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January 17, 2019

KSA 2019 Perspectives

More than two months since the killing of Saudi journalist Jamal Khashoggi in the Saudi Consulate in Istanbul and the international pressure on the Saudi crown prince Mohammad Bin Salam (MBS) continues. The revelation that the operation was executed by a team with close ties to MBS has increased the questions on his political future and concerns on Saudi Arabia’s relations with USA and the rest  of the world. Khashoggi’s case adds to Saudi Arabia’s inability to resolve the war in Yemen, its failure to isolate Qatar adding to the increasing influence of Iran and Turkey in the region. Will the King and the crown prince change their foreign policy priorities in the coming year? How will they mitigate the continuous challenges in almost all Middle Eastern countries?

KSA Foreign Policy Failures

The Saudi leadership is currently facing many challenges in the region. In Yemen, despite the military progress made by the Saudi-Emirati alliance in Hodeidah and other regions, the Houthis are still able to continue to threaten the Saudi land by launching ballistic missiles, hitting targets within Saudi Arabia, as well as forming a border threat to the Kingdom. The Zaydi militia is no closer to surrender than they were in 2015. Houthis were transformed into a new “Hezbollah” although they have not yet acquired the same capabilities as the Lebanese militia. In Lebanon, the Saudi influence declined after the parliamentary elections with the significant decrease in the Future Movement bloc led by Riyadh’s ally Saad al-Hariri. The parliamentarian losses came after Hariri’s resignation in a speech from Riyadh apparently under heavy pressure from the Saudis.[1] Hezbollah benefited from the new proportional parliamentary law and supported an anti-Hariri Sunni parliamentary bloc.[2] Based on the electoral results, the Shiite party pushed Hariri to admit the political presence of his Sunni rivals in Lebanon. In Iraq, Saudi Arabia has tried to reestablish its ties with various Shiite forces, such as the Shi’ite cleric Moqtada al-Sadr[3] and former Prime Minister Haidar al-Abadi. Despite Riyadh’s success in restoring their relations with the Shiite forces, nevertheless the results of the parliamentary elections demonstrated again the strong Iranian influence in its neighboring country.[4] On the military front, Iran has been able to legitimize and strengthen the state within the state represented by the Popular Mobilization Forces (PMF) with its various Shiite militias. In Syria, KSA’s influence has decreased with the defeat of the opposition militias. Most of the militias in Idlib fall under the Turkish influence and have better relations with it and without any significant relation with the Kingdom. As for the areas under the Kurdish influence in northeastern Syria, reports indicated the Saudi and Emirati’s attempts to boost their power encouraged by the US.[5] However, the US withdrawal from this region and the eagerness of Turkey, Iran, Russia and the Assad regime to benefit from any void left in this region, will limit a future Saudi role.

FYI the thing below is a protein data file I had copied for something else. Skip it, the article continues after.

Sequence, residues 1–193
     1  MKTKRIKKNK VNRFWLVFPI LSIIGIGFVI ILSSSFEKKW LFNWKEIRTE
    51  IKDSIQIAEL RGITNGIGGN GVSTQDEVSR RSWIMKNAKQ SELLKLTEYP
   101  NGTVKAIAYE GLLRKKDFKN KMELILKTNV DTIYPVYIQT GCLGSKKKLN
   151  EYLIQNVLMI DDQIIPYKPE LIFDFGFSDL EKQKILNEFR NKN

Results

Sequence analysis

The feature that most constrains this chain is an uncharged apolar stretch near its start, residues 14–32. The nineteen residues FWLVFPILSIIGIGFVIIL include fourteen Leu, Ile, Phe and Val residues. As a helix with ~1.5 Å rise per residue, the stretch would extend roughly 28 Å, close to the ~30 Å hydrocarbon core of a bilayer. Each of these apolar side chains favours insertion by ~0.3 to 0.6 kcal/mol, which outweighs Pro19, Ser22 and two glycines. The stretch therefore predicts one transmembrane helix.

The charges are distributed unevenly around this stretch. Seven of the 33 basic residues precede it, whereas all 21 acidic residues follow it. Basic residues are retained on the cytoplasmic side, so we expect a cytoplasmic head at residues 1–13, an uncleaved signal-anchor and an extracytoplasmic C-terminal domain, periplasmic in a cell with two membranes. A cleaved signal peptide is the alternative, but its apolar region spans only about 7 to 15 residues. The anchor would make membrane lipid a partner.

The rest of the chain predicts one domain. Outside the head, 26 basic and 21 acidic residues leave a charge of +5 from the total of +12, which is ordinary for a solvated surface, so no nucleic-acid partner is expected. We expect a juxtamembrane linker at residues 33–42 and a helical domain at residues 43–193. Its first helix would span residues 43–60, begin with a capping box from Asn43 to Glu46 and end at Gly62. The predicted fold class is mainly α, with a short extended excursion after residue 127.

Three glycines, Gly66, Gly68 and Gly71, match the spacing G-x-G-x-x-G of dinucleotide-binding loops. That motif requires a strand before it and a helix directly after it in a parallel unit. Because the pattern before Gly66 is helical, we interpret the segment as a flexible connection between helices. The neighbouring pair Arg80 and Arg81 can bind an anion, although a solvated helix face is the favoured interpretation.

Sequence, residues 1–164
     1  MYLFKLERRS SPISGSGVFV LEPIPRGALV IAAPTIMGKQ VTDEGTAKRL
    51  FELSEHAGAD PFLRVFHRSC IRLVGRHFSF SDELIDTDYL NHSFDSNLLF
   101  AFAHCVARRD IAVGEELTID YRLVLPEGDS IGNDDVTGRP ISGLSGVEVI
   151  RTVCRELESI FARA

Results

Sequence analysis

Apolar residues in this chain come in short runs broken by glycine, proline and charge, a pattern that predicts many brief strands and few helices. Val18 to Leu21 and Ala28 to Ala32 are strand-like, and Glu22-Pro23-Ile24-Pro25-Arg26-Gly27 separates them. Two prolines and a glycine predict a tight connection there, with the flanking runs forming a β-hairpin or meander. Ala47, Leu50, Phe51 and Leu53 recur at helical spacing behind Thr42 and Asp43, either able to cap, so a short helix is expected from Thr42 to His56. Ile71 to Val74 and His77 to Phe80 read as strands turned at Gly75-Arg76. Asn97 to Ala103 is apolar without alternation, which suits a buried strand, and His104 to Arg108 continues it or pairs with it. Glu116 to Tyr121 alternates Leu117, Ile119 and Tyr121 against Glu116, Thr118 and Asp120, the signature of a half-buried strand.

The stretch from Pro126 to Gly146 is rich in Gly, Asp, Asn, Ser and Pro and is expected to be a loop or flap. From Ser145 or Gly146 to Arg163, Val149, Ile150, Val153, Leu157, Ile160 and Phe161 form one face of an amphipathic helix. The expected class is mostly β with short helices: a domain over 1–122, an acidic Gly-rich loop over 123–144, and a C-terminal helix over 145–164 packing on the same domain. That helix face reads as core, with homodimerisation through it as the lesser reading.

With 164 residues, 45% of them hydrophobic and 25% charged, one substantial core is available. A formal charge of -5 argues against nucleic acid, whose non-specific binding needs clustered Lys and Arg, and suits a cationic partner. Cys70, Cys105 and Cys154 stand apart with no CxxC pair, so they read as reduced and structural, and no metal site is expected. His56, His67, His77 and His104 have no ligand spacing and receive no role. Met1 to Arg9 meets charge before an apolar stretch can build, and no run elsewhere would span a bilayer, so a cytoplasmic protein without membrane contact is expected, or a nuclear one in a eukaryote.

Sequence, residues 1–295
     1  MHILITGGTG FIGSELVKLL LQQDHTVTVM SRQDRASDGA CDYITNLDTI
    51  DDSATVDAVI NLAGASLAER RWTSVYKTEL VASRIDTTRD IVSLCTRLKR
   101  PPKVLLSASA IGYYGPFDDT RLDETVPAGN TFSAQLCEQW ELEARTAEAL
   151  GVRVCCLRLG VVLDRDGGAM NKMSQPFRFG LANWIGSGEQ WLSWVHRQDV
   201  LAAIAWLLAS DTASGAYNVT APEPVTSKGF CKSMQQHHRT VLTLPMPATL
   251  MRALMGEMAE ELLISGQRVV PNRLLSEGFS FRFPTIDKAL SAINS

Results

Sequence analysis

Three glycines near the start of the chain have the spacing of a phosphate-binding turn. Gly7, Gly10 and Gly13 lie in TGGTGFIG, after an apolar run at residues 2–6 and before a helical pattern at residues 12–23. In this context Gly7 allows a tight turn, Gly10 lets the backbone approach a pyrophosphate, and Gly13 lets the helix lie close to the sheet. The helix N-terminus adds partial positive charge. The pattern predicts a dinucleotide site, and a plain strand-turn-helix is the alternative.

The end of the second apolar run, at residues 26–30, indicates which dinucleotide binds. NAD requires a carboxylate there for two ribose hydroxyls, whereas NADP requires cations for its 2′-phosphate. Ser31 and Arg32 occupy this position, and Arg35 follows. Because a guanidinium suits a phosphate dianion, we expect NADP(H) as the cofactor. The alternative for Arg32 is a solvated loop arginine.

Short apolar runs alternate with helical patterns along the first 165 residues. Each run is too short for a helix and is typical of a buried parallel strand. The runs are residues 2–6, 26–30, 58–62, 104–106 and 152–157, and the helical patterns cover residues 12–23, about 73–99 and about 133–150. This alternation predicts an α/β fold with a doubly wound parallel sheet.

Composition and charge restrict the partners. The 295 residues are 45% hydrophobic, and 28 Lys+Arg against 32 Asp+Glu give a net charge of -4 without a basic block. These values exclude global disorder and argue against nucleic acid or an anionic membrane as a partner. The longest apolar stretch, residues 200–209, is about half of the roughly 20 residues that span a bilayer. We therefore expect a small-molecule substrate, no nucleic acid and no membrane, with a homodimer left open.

While the administration of U.S. President Donald J. Trump has not signaled a break in the strongly personal ties it has forged with MBS, a resolution passed by the US Senate “believes Crown Prince Mohammed bin Salman is responsible for the murder of Jamal Khashoggi” and “calls for the government of the Kingdom of Saudi Arabia to ensure appropriate accountability for all those responsible for Jamal Khashoggi’s murder.”[6] The Senate resolution appears supported by the assessment leaked from the Central Intelligence Agency (CIA) pointing to MBS as the likely responsible for the Saudi Consulate’s operation. Furthermore, U.S congress also started challenging some of the policies MBS has championed, particularly the war in Yemen. A joint resolution passed by the Senate directs the President to remove U.S. Armed Forces from hostilities in or affecting Yemen within 30 days unless Congress authorizes a later withdrawal date, issues a declaration of war, or specifically authorizes the use of the Armed Forces. The resolution prohibited activities including providing in-flight fueling for non-U.S. aircraft conducting missions as part of the conflict in Yemen.[7] Although Trump is keen to keep his relations with KSA and MBS strong, the organized PR campaigns post Khashoggi’s killing had negatively affected the US-Saudi alliance and his relation with MBS. Even senior Republican Senators had started to raise concerns on MBS behavior, and Senator Graham stated that MBS “got to go”[8].

Positive signs by the Saudi leadership emerged after Khashoggi’s killing for a possible reconciliation with Qatar. However, Doha was able to overcome the Quartet siege and to strengthen its relations with both Turkey and Iran. In addition, the anti-Qatar quartet failed in its mission of forcing Qatar to accept its 13 demands, which included shutting down Al Jazeera and other media outlets said to be funded by Doha, and to cease support for various regional Islamist groups, ostensibly both Sunni and Shiite.[9] Although KSA is aiming to unite the GCC under its political leadership, the developments in the region showed a serious division in the council. Kuwait and Oman made sure to maintain their foreign policy independence from KSA’s strategic vision regarding Iran, Yemeni war and the Qatari siege.